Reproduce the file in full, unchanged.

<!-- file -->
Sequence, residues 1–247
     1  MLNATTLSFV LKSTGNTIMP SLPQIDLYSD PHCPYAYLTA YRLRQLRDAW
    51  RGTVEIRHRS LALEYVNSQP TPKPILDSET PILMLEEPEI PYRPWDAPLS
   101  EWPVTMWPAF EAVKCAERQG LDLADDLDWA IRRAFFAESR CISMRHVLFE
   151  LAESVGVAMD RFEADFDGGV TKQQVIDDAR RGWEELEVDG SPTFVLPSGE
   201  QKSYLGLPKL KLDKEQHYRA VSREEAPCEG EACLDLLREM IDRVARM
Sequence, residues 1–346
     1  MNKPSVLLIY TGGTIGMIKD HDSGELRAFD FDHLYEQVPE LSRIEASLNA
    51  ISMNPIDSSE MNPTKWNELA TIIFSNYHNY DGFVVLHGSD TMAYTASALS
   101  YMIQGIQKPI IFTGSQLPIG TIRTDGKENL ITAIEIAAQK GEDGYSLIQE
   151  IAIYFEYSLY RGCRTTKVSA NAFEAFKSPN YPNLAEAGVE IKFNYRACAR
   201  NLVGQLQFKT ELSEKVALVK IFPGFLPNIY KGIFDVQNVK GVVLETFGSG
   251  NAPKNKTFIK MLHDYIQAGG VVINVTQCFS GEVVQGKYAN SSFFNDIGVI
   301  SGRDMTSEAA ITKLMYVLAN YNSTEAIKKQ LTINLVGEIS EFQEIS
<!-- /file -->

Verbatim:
Sequence, residues 1–247
     1  MLNATTLSFV LKSTGNTIMP SLPQIDLYSD PHCPYAYLTA YRLRQLRDAW
    51  RGTVEIRHRS LALEYVNSQP TPKPILDSET PILMLEEPEI PYRPWDAPLS
   101  EWPVTMWPAF EAVKCAERQG LDLADDLDWA IRRAFFAESR CISMRHVLFE
   151  LAESVGVAMD RFEADFDGGV TKQQVIDDAR RGWEELEVDG SPTFVLPSGE
   201  QKSYLGLPKL KLDKEQHYRA VSREEAPCEG EACLDLLREM IDRVARM
Sequence, residues 1–346
     1  MNKPSVLLIY TGGTIGMIKD HDSGELRAFD FDHLYEQVPE LSRIEASLNA
    51  ISMNPIDSSE MNPTKWNELA TIIFSNYHNY DGFVVLHGSD TMAYTASALS
   101  YMIQGIQKPI IFTGSQLPIG TIRTDGKENL ITAIEIAAQK GEDGYSLIQE
   151  IAIYFEYSLY RGCRTTKVSA NAFEAFKSPN YPNLAEAGVE IKFNYRACAR
   201  NLVGQLQFKT ELSEKVALVK IFPGFLPNIY KGIFDVQNVK GVVLETFGSG
   251  NAPKNKTFIK MLHDYIQAGG VVINVTQCFS GEVVQGKYAN SSFFNDIGVI
   301  SGRDMTSEAA ITKLMYVLAN YNSTEAIKKQ LTINLVGEIS EFQEIS